On a trip to India in 1965 Leary was converted to Hinduism. In the following year he founded a religious community, the League for Spiritual Discovery, whose initials give the abbreviation "LSD."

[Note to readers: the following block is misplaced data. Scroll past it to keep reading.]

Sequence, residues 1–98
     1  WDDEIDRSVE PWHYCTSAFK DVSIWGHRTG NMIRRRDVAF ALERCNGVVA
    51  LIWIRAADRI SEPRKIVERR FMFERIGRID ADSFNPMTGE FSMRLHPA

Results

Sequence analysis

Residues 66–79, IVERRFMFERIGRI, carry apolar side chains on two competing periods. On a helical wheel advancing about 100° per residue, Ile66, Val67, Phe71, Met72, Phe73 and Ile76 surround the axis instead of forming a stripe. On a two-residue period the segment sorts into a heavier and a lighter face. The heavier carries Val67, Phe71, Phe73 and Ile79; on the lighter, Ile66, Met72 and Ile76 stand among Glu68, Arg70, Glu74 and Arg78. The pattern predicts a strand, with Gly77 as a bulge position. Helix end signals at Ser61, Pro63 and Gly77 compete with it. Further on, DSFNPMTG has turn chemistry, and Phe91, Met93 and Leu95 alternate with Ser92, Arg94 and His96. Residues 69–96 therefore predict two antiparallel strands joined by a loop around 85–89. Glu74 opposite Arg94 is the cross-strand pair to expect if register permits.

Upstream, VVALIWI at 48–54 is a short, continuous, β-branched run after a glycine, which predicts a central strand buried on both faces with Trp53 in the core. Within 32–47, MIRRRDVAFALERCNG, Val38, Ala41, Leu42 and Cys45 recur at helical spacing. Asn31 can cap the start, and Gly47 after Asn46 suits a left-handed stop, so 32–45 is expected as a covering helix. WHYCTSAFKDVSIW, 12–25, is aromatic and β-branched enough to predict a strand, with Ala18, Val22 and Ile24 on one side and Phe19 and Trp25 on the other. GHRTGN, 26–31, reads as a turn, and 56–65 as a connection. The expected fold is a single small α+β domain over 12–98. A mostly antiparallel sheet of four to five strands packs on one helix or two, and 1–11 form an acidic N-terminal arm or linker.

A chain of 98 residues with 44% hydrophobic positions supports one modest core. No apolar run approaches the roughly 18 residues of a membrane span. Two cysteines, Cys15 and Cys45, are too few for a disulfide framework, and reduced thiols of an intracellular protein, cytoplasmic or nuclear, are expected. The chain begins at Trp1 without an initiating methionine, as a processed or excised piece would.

Leary's proclamation to youth, condensed in his famous slogan "Turn on, tune in, drop out !", became a central dogma of the hippie movement. Leary is one of the founding fathers of the hippie cult. The last of these three precepts, "drop out," was the challenge to escape from bourgeois life, to turn one's back on society, to give up school, studies, and employment, and to dedicate oneself wholly to the true inner universe, the study of one's own nervous system, after one has turned on with LSD. This challenge above all went beyond the psychological and religious domain to assume social and political significance. It is therefore understandable that Leary not only became the enfant terrible of the university and among his academic colleagues in psychology and psychiatry, but also earned the wrath of the political authorities. He was, therefore, placed under surveillance, followed, and ultimately locked in prison. The high sentences—ten years' imprisonment each for convictions in Texas and California concerning possession of LSD and marijuana, and conviction (later overturned) with a sentence of thirty years' imprisonment for marijuana smuggling—show that the punishment of these offenses was only a pretext: the real aim was to put under lock and key the seducer and instigator of youth, who could not otherwise be prosecuted. On the night of 13-14 September 1970, Leary managed to escape from the California prison in San Luis Obispo. On a detour from Algeria, where he made contact with Eldridge Cleaver, a leader of the Black Panther movement living there in exile, Leary came to Switzerland and there petitioned for political asylum.